April 25 - 27, 2014
Come visit HAL5 Kids' Art Activity Testing Station!
HAL5 at Panoply 2014! With a focus on STEAM (science, technology, engineering, art, and math), Panoply 2014's "Interactives" will be open to all ages to discover scientific lessons through art - lessons about velocity, centrifugal force and sound waves. Exploration will happen with interactives like Color Comets and Creative Catapults, and you can then take your Comets and Catapults to the new Panoply Testing Station - staffed by HAL5 volunteer engineers - to experiment with your creations. HAL5 Test Tent is located near the Museum of Art. Please come stop by and say hi!
Since 1976, the Antarctic Search for Meteorites (ANSMET) has recovered
more than 25,000 specimens from meteorite stranding surfaces along the
Transantarctic Mountains. The ANSMET specimens are currently the only
reliable, continuous source of new, non-microscopic extraterrestrial
material, and will continue to be until future planetary sample-return
missions are successful. The samples already recovered provide essential
"ground-truth" concerning the materials that make up the asteroids,
planets and other bodies of our solar system, and their continued
retrieval is the cheapest and only guaranteed way to recover new things
from worlds beyond the Earth. The study of ANSMET meteorites has greatly
extended our knowledge of the materials and conditions in the primeval
nebula from which our solar system was born, revealed the complex and
exotic geologic nature of asteroids. Collecting meteorites in Antarctica
is both a community service and an amazing undertaking. We will describe
the science and adventure of ASNMET from the point of view of two
Dr. Barbara Cohen is a planetary scientist at NASA's Marshall Space Flight Center interested in planetary samples from the Moon, Mars and asteroids. She earned her BS in geology from the State University of New York at Stony Brook and the PhD in Planetary Science at the University of Arizona in Tucson AZ. She is a Principal Investigator on multiple NASA research projects, a member of the Mars Exploration Rover mission team still operating the Opportunity rover, and the lead scientist for Lunar Flashlight, a lunar cubesat mission that will be launched in 2017 as an SLS secondary payload. She is the PI for the MSFC Noble Gas Research Laboratory (MNGRL) and is developing a flight version of her noble-gas geochronology technique, the Potassium-Argon Laser Experiment (KArLE), for use on future planetary landers and rovers. Barbara is a veteran of the 2003-05, 2006-07, and 2013-14 ANSMET seasons.
Dr. Rob Coker got his BS in Physics & Astronomy at Caltech, then worked for NASA at the Jet Propulsion Laboratory (JPL) on the Deep Space Network for a few years. He then went to the University of Arizona for a Masters and PhD in Astrophysics on black hole accretion processes. After a postdoc at the University of Leeds in the UK, he worked as a staff member at the Los Alamos National Laboratory for 5 years. Since 2008, he has been a staff member at NASA MSFC working first on turbomachinery and more recently, thermal modeling of small spacecraft and life support systems. His hobbies include diving, fencing, and flying. Rob was a member of the 2012-13 ANSMET team.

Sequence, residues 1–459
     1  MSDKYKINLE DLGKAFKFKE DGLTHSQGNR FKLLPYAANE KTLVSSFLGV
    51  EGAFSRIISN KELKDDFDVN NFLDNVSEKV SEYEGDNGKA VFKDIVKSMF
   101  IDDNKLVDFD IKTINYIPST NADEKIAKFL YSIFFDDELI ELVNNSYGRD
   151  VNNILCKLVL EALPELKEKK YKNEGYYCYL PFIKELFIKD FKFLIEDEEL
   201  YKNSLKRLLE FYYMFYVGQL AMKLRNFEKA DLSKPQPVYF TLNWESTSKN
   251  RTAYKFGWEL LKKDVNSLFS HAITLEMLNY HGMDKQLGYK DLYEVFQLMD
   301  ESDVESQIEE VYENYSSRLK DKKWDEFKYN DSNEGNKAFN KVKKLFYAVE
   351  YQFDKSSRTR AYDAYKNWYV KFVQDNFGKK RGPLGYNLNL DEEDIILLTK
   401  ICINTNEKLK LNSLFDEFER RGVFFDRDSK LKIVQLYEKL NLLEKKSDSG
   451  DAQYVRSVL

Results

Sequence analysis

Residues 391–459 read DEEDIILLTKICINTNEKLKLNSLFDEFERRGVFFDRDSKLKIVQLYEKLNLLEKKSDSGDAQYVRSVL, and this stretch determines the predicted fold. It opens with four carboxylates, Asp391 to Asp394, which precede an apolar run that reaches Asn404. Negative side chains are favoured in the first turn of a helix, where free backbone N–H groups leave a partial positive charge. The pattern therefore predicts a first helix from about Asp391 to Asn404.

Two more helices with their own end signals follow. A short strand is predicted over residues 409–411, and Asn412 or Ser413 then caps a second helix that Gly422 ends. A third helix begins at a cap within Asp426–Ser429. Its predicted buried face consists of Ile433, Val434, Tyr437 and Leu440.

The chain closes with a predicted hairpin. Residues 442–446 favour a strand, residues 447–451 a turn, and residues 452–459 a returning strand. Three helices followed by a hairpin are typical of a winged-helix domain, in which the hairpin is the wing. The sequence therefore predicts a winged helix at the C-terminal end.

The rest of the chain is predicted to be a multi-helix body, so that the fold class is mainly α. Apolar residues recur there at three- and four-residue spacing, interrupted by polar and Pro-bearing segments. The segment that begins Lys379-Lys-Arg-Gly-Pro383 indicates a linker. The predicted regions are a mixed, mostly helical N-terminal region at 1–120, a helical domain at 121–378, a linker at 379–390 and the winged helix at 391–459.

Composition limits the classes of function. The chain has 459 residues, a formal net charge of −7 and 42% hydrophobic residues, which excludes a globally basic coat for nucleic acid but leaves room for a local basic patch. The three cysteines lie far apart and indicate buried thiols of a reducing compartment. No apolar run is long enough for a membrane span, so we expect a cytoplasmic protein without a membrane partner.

More information coming soon.
HAL5 monthly program with Les Johnson, engineer and author, on his new book that he co-authored with Ben Bova, Rescue Mode.
HAL5 monthly program with Dr. Vladimir Florinski (UAH) on "Voyager: The First Year in Interstellar Space."
Transient Luminous Events (TLEs) are naturally-occurring electrical discharges in the upper atmosphere above thunderclouds and can extend in altitude to the base of the E-region ionosphere (Altitude ~ 90km). In particular, sprites are a class of TLEs triggered by the mesospheric electric fields the exceed the breakdown threshold for air - a configuration often resulting from cloud-to-ground (CG) strikes of tropospheric lightning. The primary emissions of sprite-generated flashes are in the visible spectrum, but because they are short-lived (up to 10s of ms) and relatively unpredictable, several decades of anecdotal reports (e.g. by pilots) went unexplained - that is, until in 1989 when a TLE was serendipitously captured by a low light level TV camera undergoing tests for sounding rocket integration. Since then, dozens of campaigns and hundreds of papers have been completed on the topic. This seminar will cover the progress in understanding the physical mechanisms of sprites and the features that distinguishes them from other forms of TLEs.
For a second year in a row, HAL5 was awarded the NSS Chapter Excellence Award for Education Outreach. Special thanks to our members, supporters and attendees of our monthly programs to HAL5 one of the most active chapter in NSS! Thank you!
Once again, we are the best chapter in NSS! At the 2011 ISDC in Huntsville, HAL5 was awarded
the NSS Chapter of the Year award for 2010! Thank you, our
members and guests, and HAL5 officers for making this possible.
Would you like to give a talk to HAL5 on subjects related to space,
space exploration, space science, space tourism,
technology, aerospace technologies, planetary defense,
and STEM? If you do, please
Members and general public are welcome to attend the HAL5 Executive Officers' meetings. Second Thursday of each month, except for holidays, at 6 pm at Newk's on University Drive.
Open to all current HAL5 members. We meet on Wednesday from 7 PM to 9:30 PM at Steve's except for holidays and other conflicts. If you are interested, please .